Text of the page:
Lady Chatterley’s Lover seems to be more about the detailed descriptions, the imagery, and the sexually explicit language. Whereas Forster’s Maurice can be seen as a way of masking sexuality through the use of props such as books, society, class and repression. Marcia Seabury a professor commented that: “Maurice and Lady Chatterley’s Lover focus on flight from the walled garden, contact with nature, problems because of different backgrounds, and problems with connection to the larger world…” [] For Clive and Maurice, their class status positions them as equals and allows them to maintain their relationship in public as being only a friends, allowing them to mask their homosexuality. For Alec and Maurice, their difference in class presents them as each other’s direct opposite, leading others to question their association with one another. Both relationships show the possibility of maintaining a public heteronormative male identity while allowing a private homosexual male identity to remain hidden. Forster showcases the potential that homosexual identity has to undo the oppression of the patriarchal capitalist system through his portrayal of a cross-class relationship exposed in the public sphere.

Male friendship in the novel is depicted in two worlds, the ‘real’ world and the ‘ideal’ world. The naked boy in Maurice’s dream is associated with the ‘ideal’, whereas the physical contact of bullying depicts the ‘real’ world. There seems to be a blur between what is seen as friendship and what is seen as an erotic relationship. Friendship can be put forward by Lawrence as a religion in the book, a sort of religion which suggests certain behaviour and attitudes. Later on in chapter three we see the imagery evoked as sexuality becomes a grey shadow. Maurice is shown to use religious framework to interpret his dreams. The first dream of George the garden boy and the second dream about companionship shows his ‘friend’ as someone who is eternally bound in a relationship with him, a sort of ambiguity comes across. The dreams can be a constant reminder of what is happening to him, the change that is taking place. The language is quite problematic as it exists on a spectrum of male friendship. In terms of sexuality, male friendship seems to be quite a dominating and important factor in the text in order to understand Lawrence’s depiction of homosexuality.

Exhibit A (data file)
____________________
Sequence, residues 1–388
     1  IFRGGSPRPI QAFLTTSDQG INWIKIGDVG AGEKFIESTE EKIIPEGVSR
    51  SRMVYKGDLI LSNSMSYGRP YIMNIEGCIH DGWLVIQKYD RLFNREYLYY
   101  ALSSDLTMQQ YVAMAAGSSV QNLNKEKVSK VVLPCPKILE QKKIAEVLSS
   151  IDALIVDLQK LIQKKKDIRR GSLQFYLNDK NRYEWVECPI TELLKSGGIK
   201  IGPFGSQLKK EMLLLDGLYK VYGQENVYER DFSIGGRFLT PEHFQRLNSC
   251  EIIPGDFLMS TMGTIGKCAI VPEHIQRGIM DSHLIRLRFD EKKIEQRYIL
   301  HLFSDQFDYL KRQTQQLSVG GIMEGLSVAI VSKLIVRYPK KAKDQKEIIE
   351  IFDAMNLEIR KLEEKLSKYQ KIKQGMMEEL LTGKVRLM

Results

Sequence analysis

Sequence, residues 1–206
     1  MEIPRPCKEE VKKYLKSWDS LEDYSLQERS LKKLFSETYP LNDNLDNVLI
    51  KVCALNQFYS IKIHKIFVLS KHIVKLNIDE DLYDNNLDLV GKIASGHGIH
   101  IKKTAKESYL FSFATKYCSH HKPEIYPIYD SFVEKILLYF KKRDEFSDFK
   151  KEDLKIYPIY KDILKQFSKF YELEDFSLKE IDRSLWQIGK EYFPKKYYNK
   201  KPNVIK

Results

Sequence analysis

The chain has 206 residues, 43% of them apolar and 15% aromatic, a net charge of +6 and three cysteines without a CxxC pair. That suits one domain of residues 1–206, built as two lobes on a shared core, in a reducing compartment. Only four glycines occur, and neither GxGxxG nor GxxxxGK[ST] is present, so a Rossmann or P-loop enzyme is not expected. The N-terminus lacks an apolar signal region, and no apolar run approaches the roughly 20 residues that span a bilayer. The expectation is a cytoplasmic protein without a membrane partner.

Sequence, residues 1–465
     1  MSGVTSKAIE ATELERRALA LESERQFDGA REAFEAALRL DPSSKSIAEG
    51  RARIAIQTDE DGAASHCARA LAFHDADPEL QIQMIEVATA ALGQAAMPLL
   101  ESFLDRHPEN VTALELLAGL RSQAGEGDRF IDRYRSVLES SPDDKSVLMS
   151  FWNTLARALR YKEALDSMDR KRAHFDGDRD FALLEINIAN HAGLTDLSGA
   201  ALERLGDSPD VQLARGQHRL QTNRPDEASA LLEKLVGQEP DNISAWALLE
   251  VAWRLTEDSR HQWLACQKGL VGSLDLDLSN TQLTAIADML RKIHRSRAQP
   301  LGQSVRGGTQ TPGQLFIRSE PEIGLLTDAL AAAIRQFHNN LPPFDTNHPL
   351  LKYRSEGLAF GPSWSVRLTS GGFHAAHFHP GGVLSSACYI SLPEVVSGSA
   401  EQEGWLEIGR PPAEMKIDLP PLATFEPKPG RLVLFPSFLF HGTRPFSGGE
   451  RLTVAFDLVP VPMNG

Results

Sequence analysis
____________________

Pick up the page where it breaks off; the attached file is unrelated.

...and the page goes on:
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In conclusion, sexuality is policed in the two novels written by Forster and Lawrence in different ways. Although they take very different measures in presenting ideas of sexuality, both still have in common the concept of class and structure. Lawrence has chosen to describe the relationship between two people with a problem. They find difficulties in starting a life together and it seems to be the same problem with society at the time. After a war where so many people were involved, they must have felt lost. And try to create a good environment to live in must have been hard, Lawrence has transferred that feeling into the relationship between the lady and the gamekeeper. The important thing that Lawrence seems to be saying is, we are not afraid of the new ways; but that we embrace them and learn from them and that we also look back, preventing ourselves from future mistakes. People are different and diversity is good. The power of Maurice comes from its ability to expose the constraints of the patriarchal capitalist class system on the expression of homosexuality. While Maurice feels compelled to maintain a public identity and suppress homosexual desires in order to live up to his class position, he finds the tension in separating them impossible to avoid. Only through engaging in a cross-class relationship that abandons the constraints of the class system and removes the heteronormative mask hiding his homosexuality, can Maurice allow this private self to emerge within the public sphere. The novel makes it clear that rejection and abandonment of the class system and heteronormativity, all of which play into an understanding of masculinity, are the only ways to undo the constraints that society has imposed on individuals. The message Forster leaves us with then is to question those very structures that impede upon our very freedom of individuality.